According to analysts, the main focus of global conflicts involving China is growing the undersea lines that transport the majority of transcontinental internet traffic.
“Submarine cables are involved in every aspect of those rising geopolitical tensions,” Justin Sherman, a fellow at the Atlantic Council’s Cyber Statecraft Initiative, told Reuters. “When we talk about U.S.-China tech competition, when we talk about espionage and the capture of data.”
The wires are a topic of dispute between the U.S. and China and are a source of friction in China’s ties with Taiwan, a self-governing island that Beijing claims as its own territory.
The Chinese government declined to remark on the underwater lines when VOA Mandarin called the Chinese embassies in Beijing and Washington for a statement.
Cables between Taiwan and the Matsu Islands, which are under Taiwanese authority but are located close to China’s shore, were severed last month. The National Communications Commission stated that two ships unintentionally sliced the cables, and Taiwan’s government refrained from charging the Chinese government of cutting the lines on purpose.
The Associated Press cited statistics from Taiwan’s Chungwha Telecom that showed there had been 27 cable cuts over the previous five years. Once the fiber-optic technology inside is covered in shielding materials, each cable is about the width of a garden pipe. This allows it to be placed on the seafloor, where it is vulnerable to dangers like earthquakes, typhoons, ships’ moorings, and saboteurs.
In a February 21 piece in Foreign Policy magazine, Elisabeth Braw, an associate scholar at the American Enterprise Institute, hypothesized that the severed wires might be the product of China’s specific persecution of Taiwan.
The problem for Taiwan is that it’s not a military assault, she said, adding that “Chinese fishing vessels and other commercial vessels have been harming the cables connecting the Matsu islands to Taiwan a disproportionate number of times” over the past few years.
“And China can claim, ‘Oh, it was just business boats,’ and that the wires weren’t intentionally damaged or severed. Taiwan also cannot demonstrate that it was intentional. Therefore, it is very difficult to respond in kind and to safeguard those lines. You can’t have your fleet stationed on top of the wires all day long to watch out for damage or cuts.
As Russia has demonstrated by attacking internet infrastructure in its onslaught on Ukraine, the loss of internet connections and the communication they provide has significant strategic repercussions.
According to Joseph Hwang, a member of the George Mason University associate staff, repairing the wires that were cut last month would require time and money.
He figured fixes would cost between $329,500 and $659,000 in U.S. currency, and said emergency repairs were anticipated to reach on April 20 at the earliest.
Investing in cable defense, deeper burying, and fake cables, as well as considering the establishment of legal structures that plainly explain the repercussions of unintentional or deliberate submerged cable destruction, are some of the recommendations he made for Taiwan, U.S. friends, and Asian allies.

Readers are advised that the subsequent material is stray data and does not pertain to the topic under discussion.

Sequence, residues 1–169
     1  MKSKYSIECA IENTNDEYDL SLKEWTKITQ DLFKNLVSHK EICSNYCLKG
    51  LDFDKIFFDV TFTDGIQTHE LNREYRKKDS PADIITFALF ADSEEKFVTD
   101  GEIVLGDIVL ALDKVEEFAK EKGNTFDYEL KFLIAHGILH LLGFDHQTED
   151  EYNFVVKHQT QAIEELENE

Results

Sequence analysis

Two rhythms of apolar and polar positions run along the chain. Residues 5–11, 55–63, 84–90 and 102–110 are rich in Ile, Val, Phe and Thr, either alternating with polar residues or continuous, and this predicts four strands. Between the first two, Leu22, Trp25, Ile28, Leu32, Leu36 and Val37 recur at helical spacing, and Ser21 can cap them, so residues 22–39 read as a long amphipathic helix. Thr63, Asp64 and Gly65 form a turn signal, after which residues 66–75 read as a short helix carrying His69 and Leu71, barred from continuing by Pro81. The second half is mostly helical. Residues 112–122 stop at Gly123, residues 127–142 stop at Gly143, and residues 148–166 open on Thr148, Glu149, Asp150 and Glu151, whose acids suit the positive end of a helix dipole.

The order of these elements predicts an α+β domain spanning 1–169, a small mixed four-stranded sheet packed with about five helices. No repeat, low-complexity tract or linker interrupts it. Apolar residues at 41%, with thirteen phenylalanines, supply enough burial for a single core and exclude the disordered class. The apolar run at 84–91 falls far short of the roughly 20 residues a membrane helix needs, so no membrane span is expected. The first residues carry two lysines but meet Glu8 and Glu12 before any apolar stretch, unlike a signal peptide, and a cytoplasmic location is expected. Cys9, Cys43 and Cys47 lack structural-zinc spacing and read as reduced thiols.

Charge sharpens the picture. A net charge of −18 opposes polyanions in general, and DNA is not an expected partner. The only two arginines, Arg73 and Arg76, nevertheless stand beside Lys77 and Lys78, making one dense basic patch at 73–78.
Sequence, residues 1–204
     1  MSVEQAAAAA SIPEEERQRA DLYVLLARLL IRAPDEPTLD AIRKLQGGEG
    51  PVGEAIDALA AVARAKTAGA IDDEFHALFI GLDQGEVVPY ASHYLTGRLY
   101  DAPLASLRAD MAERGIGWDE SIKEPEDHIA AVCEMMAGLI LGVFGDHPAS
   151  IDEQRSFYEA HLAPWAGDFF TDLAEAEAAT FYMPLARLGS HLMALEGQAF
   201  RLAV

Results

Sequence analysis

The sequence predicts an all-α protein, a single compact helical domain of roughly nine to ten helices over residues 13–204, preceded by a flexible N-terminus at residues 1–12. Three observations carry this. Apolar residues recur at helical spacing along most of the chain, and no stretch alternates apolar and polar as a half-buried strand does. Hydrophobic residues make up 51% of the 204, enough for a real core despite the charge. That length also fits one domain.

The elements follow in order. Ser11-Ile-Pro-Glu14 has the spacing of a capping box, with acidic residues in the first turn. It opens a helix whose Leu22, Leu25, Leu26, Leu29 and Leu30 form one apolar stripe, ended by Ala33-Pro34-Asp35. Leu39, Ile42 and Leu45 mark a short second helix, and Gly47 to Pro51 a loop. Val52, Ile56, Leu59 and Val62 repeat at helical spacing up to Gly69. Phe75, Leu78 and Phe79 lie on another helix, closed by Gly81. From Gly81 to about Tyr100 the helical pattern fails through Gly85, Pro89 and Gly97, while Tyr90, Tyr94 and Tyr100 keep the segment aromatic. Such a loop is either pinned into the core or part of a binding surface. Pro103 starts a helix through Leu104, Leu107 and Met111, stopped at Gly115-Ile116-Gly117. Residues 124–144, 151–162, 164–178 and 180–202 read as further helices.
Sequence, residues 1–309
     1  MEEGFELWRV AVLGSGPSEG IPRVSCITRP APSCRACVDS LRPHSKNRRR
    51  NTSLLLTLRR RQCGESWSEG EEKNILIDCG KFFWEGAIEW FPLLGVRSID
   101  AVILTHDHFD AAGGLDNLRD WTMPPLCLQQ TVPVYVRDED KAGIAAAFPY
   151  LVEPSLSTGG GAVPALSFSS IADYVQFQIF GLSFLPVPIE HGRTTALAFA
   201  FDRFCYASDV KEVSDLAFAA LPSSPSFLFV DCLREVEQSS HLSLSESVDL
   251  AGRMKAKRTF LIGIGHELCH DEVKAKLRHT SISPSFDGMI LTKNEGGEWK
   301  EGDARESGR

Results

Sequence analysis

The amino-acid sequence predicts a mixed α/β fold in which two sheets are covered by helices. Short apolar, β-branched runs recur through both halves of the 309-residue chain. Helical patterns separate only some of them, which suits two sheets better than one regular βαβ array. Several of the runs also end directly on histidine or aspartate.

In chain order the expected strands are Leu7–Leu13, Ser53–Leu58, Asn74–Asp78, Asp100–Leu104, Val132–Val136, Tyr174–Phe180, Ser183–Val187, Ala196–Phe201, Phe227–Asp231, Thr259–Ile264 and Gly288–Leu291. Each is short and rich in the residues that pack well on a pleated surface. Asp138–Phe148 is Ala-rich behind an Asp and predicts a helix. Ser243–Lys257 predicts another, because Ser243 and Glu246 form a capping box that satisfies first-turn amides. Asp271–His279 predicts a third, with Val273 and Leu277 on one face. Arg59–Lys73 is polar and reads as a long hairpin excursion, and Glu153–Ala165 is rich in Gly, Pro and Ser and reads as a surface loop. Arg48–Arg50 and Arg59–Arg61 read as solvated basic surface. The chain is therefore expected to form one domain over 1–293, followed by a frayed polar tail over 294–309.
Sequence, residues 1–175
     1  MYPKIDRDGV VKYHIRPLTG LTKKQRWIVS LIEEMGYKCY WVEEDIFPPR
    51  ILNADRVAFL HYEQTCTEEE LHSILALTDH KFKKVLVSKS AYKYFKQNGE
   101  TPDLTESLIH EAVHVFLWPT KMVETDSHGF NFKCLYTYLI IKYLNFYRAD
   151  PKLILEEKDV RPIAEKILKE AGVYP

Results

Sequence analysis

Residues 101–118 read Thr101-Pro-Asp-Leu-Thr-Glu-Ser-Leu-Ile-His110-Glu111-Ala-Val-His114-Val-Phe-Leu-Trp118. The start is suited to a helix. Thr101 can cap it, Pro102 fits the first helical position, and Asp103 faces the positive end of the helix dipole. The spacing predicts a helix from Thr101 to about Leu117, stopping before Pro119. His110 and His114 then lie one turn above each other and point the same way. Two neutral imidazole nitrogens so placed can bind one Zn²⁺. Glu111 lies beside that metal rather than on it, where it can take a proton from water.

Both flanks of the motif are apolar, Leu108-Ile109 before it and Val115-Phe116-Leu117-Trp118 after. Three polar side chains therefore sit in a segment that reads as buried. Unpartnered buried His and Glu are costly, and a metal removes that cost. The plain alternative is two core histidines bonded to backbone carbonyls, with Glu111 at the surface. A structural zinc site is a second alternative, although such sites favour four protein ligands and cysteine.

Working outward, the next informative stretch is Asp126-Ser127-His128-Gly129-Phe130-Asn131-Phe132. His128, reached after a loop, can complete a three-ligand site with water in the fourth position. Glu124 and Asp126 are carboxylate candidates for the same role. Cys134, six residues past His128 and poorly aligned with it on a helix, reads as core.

According to American Enterprise Institute academics Dan Blumenthal and Frederick W. Kagan, if China invades Taiwan, “China can cut off lines of communication and interdict military and civilian supplies by air and sea, then Taiwan would eventually have to capitulate.”
The J.C. Wylie professor of marine strategy at the U.S. Naval War College’s James Holmes told VOA Mandarin that it is not unexpected that China would submerge itself to exert pressure on Taiwan and cut it off from the rest of the world, adding that the best response to such methods is intimidation.
We may be looking at another form of traditional mutual guaranteed annihilation as gray-zone rivalry descends beneath, he said, adding that China’s and Russia’s submarine links to the outside world are as susceptible as anyone else’s.
According to a Center for Strategic and International Studies study, gray-zone activities are those taken by one government to obtain the upper hand over another in a manner that does not elicit a traditional armed reaction.
According to Reuters, the U.S. government has intervened in at least six private undersea cable deals over the past four years to either force the rerouting or abandonment of cables that would have directly connected U.S. and Chinese territories or to keep HMN Tech, a subsidiary of the Chinese company Huawei that has been sanctioned, out of the undersea cable business in the Asia-Pacific region.
According to TeleGeography, a Washington-based telecoms market research and consulting company, there were more than 550 operational and planned underwater cables as of the beginning of 2023, with an estimated 1.4 million kilometers of submarine cables in operation worldwide.
According to Jayne Miller of TeleGeography, over 99.4% of global internet data travels via underwater cables. “Even with many satellite constellation launches, the capacity of a single submarine cable dwarfs that of many satellites combined,” she said.
According to the TeleGeography website, U.S. government statistics “indicate that satellites account for just 0.37% of all U.S. international capacity,” while cables “can carry far more data at far less cost than satellites.”
A map of the world’s undersea cables shows that there are almost twenty cables connecting North America with Asia, less than twenty cables connecting Europe and North America, less than five cables connecting Africa and South America, and no cable connecting Australia and South America.